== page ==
And without an operating space shuttle, installing a replacement part will be very difficult and expensive. So, if Elon Musk is such a brain-child, why hasen't he come up with a SpaceX Shuttle? Still waiting ........
 

BrotherMichigan

Posts: 13   +31
And without an operating space shuttle, installing a replacement part will be very difficult and expensive. So, if Elon Musk is such a brain-child, why hasen't he come up with a SpaceX Shuttle? Still waiting ........

JWST wouldn't have been serviceable with the shuttle, either...
 

Lew Zealand

Posts: 2,248   +2,799
TechSpot Elite
And without an operating space shuttle, installing a replacement part will be very difficult and expensive. So, if Elon Musk is such a brain-child, why hasen't he come up with a SpaceX Shuttle? Still waiting ........

Have a look online where the Hubble is located and where the Space Shuttle flew. They overlap.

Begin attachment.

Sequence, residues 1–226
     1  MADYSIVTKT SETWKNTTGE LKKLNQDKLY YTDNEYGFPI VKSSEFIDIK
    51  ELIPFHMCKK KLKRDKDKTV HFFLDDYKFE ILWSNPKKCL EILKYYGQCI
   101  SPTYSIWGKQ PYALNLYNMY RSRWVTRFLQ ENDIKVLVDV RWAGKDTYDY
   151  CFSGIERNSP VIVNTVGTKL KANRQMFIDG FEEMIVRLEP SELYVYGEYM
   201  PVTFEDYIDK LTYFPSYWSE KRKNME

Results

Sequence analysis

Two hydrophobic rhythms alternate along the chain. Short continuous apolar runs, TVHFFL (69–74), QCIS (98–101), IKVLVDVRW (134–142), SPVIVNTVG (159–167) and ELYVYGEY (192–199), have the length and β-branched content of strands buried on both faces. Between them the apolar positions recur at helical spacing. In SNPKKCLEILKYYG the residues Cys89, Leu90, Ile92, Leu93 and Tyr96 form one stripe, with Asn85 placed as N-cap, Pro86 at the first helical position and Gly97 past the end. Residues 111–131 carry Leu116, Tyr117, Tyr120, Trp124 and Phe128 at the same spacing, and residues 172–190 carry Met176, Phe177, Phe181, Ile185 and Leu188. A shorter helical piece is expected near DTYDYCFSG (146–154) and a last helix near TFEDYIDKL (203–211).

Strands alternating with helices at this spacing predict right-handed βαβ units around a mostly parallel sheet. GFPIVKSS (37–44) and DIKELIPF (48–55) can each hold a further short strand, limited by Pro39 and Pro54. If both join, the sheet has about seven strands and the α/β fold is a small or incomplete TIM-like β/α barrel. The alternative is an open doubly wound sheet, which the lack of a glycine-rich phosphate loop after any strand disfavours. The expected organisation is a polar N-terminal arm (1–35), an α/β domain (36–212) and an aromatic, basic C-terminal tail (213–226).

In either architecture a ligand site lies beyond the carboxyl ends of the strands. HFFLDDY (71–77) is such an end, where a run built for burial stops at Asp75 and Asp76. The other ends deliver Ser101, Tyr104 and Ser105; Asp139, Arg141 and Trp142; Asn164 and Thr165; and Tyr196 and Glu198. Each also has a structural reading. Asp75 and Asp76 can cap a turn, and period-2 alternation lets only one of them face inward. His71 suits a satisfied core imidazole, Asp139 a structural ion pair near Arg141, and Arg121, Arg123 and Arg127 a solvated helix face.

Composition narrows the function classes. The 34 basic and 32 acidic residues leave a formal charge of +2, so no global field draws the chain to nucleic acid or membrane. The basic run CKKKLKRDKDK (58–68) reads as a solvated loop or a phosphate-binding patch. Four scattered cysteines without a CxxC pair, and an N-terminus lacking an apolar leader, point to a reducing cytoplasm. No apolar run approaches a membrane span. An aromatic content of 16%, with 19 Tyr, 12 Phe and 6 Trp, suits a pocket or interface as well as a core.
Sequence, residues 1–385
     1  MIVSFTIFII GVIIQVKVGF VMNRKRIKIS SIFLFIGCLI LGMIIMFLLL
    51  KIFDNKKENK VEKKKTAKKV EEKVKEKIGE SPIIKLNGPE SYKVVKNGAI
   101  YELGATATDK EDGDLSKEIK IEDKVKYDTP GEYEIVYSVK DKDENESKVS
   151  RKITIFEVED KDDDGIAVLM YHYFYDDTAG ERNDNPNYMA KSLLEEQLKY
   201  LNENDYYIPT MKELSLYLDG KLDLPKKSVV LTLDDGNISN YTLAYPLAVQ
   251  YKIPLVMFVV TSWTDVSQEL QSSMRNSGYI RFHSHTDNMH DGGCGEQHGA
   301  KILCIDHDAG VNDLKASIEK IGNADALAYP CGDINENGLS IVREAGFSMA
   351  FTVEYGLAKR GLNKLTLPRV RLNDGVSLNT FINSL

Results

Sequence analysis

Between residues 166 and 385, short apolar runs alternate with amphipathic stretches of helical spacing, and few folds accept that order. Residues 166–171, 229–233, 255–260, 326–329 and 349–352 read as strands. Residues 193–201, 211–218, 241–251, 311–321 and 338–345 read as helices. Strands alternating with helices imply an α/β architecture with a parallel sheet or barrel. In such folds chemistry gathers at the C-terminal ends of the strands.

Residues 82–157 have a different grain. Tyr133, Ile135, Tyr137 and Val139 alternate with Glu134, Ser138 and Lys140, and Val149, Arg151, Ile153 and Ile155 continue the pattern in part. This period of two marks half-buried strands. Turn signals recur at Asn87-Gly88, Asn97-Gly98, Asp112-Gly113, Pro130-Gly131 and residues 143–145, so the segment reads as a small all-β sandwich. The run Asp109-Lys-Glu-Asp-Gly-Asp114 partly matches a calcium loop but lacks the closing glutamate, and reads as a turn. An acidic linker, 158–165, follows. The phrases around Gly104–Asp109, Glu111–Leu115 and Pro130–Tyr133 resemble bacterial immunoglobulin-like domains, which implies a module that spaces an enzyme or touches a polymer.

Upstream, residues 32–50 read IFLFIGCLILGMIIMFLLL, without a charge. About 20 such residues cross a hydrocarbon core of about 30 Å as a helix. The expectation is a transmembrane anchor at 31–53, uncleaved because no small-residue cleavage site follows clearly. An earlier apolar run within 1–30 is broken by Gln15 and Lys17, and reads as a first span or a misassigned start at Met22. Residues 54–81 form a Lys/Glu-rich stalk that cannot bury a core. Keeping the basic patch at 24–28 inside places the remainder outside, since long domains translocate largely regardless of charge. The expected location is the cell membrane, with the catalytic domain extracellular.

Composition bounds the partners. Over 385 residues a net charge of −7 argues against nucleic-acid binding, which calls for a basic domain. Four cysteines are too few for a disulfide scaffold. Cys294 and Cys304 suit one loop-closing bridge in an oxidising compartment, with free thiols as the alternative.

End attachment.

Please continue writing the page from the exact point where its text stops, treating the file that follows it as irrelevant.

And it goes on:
Now have a look at where the JWST is located. Orders of magnitude farther away. Spoiler: they don't overlap.
 
The amount of power that will be required for space travel is still extremely far off. Some kind of magnetic shield that can handle these micro impacts will need to be around a ship for long distance travel.

Maybe fusion reactor might open the door for this but not sure if we'll see it in our lifetime.

Even the planned Mars missions will be incredibly high risk for the individuals that are crazy enough to take it on.
 

amghwk

Posts: 1,235   +1,184
I wish I can see some sort of video recording of how they brought it back to earth.

I also wonder why the tens of other satellites orbiting around are not hit by any of the space debris. We don't hear of satellite TV channels or communications or GPS being wiped out in a flash. Or did we? Can't remember.
 

Sir Alex Ice

Posts: 79   +48
In all the vastness of space, of all the places it could go through that pebble chose to hit the telescope. Seems legit.
 

Uncle Al

Posts: 9,313   +8,489
Have a look online where the Hubble is located and where the Space Shuttle flew. They overlap.

Now have a look at where the JWST is located. Orders of magnitude farther away. Spoiler: they don't overlap.

Obviously but the "old" shuttle would have to undergo further modifications. As to the size, let's not forget that those mirrors could be redesigned to split them into 3 or more pieces and assembled as one piece with the equally obvious re-engineering of the software to accommodate it all.